In my last week’s blog post, I talked a little bit about reverse harem, and the idea of the female lead character not having to choose between love interests. Thinking more about this, I realized there are a lot of times when I appreciate a good love triangle, or a main character making a hard choice. Whether it’s choosing the man who supports her passions or wants her to play it safe, or the one who understands who she truly is versus who she used to be. I get it.
My caveat to the love triangle is the character has to choose right (and yes, I decide who is right, not the author— it’s my reader prerogative). I was all about Peeta over Gale, and Edward over Jacob. I never wanted Jane Eyre to end up with St. John instead of Mr. Rochester, even if he did look like Adonis and Jane clearly told Mr. Rochester, “she did not think him handsome.”
But one story has been bothering me since I read it and re-read it, and watched it, and found myself, despite knowing the ending, still hoping for a different outcome.
So I proclaim here: I’m pissed Jo March didn’t marry Laurie in Little Women.
Most people have read Little Women, but in case you haven’t, it’s the story of four sisters living with their mother in Civil War-era Massachusetts. Jo is the second oldest sister, and the one who wants to be a famous authoress. Laurie is the rich boy who lives next door and worships Jo and someday hopes to be a great composer. They get into scrapes together and have adventures, and he’s handsome and funny.
There wasn’t an instance in the book where Laurie wanted Jo to be something she wasn’t. He never asked her to give up writing or settle down (though he asks her to marry him— but he wants her to “bash” around Europe with him! Bash!), or act like a lady, or any of those other things that would have immediately turned me off from him.
But she says no, and instead chooses Professor Bhaer! Huh?!
I remember the scene where Jo writes a book she believes is a masterpiece and shares it with Mr. Bhaer, the German school teacher who lives in the boarding house where she resides. And he tells her it stinks! She ends up in tears, and yeah, okay, maybe he felt bad telling her that, but just because he didn’t like paranormal romances, did that mean she shouldn’t continue to write them? Perhaps this is what endeared him to Jo. Compared to Laurie, though? There was no contest. Laurie had so many other great qualities— he was passionate, and had an unsinkable belief in Jo’s awesomeness.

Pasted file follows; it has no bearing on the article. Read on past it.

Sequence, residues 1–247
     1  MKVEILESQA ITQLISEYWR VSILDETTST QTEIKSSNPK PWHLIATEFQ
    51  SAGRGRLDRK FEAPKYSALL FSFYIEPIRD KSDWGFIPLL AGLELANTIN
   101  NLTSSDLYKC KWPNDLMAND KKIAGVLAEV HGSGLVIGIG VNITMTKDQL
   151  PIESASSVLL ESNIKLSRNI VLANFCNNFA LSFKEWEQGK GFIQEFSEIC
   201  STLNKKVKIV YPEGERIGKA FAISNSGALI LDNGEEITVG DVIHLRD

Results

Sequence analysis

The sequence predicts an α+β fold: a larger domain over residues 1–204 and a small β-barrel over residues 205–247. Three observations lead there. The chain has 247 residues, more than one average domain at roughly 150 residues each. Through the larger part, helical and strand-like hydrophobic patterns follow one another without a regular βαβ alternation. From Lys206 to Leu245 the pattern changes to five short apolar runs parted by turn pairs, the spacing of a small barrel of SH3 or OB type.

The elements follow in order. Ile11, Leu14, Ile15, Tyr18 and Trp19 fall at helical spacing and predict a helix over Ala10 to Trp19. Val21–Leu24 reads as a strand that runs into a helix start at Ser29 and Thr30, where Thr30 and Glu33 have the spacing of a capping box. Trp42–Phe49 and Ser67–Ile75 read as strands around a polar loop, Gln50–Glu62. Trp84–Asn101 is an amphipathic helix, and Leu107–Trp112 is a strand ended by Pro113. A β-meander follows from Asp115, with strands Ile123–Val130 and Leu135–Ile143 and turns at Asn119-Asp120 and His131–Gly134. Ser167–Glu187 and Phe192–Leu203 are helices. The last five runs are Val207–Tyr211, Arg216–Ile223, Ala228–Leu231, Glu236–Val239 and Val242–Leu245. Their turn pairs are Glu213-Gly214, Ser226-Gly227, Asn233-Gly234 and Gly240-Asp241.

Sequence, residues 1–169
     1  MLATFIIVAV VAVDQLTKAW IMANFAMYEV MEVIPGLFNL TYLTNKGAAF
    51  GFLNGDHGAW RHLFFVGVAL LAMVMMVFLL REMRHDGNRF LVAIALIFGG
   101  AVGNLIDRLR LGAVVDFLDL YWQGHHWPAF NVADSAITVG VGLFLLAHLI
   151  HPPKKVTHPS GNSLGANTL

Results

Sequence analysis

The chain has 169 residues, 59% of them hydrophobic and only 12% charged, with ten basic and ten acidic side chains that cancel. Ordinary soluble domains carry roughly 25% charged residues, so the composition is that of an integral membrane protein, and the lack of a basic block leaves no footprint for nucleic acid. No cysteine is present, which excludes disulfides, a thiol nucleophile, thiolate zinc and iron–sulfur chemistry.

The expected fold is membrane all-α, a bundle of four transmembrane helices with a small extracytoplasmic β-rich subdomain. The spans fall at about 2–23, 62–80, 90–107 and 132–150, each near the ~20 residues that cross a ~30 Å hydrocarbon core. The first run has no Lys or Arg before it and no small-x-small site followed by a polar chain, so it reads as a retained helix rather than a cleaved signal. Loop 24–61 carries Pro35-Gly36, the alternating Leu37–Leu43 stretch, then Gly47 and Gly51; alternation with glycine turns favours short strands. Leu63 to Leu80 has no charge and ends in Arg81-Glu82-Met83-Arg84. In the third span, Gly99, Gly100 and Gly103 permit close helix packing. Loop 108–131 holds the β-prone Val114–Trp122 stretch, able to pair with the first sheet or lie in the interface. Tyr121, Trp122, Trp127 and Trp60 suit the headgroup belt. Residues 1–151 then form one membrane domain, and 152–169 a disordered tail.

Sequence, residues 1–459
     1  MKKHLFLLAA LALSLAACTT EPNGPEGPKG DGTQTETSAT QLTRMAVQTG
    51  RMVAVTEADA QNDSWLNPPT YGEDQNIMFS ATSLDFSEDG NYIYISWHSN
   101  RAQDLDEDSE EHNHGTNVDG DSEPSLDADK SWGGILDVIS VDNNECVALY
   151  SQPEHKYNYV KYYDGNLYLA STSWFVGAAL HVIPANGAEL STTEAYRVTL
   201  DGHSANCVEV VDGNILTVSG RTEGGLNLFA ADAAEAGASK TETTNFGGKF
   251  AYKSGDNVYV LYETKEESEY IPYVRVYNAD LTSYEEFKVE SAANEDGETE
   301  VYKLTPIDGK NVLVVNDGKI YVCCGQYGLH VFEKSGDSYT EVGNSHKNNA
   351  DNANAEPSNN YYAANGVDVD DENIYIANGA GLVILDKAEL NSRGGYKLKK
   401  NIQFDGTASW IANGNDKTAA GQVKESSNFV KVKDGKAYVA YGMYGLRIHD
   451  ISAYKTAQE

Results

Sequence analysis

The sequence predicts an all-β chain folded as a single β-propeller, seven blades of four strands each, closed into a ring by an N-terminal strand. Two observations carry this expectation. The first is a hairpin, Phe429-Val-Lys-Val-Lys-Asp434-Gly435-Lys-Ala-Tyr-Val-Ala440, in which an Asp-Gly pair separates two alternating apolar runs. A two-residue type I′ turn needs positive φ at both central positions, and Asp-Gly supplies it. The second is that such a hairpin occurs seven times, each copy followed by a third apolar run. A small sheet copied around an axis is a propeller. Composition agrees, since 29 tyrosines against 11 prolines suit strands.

And you know what the ultimate betrayal was? Because yes, reader, it gets worse. Laurie marries the most annoying of Jo’s sisters, Amy.
Amy. The snobbish little brat. GAH! Come on! I will allow the Amy who married Laurie wasn’t the little girl Amy who so annoyed me, but I certainly hadn’t come around to her side. The pain of reading the scene where Laurie and Amy return from Europe and tell Jo they’ve married. I felt hope die. It literally died in my poor little twelve year-old girl heart.
It turns out I’m not the only one who remains upset about Jo’s choice. Besides bloggers like myself who mourn Laurie, there is also an article in a philosophy journal, The American Transcendental Quarterly, reflecting on this very issue. Clearly there’s a doctoral student somewhere who seethed over Jo’s choice as well. (See, “Why Jo Didn’t Marry Laurie, March 2001, Volume 15, No. 1).
For me, Jo choosing Professor Bhaer was akin to Anne Shirley not choosing Gilbert Blythe, or Elizabeth settling for Whitcombe and not Darcy. Blasphemy! In fact, I would have been fine if Claire stayed with Jamie and died with him on the battlefield rather than return to Frank (I’m a harsh reader. Die for love, Character! Die! Die!). As an aside, I’m a much nicer writer than reader— having birthed my characters, I like them to be happy. Just sayin’.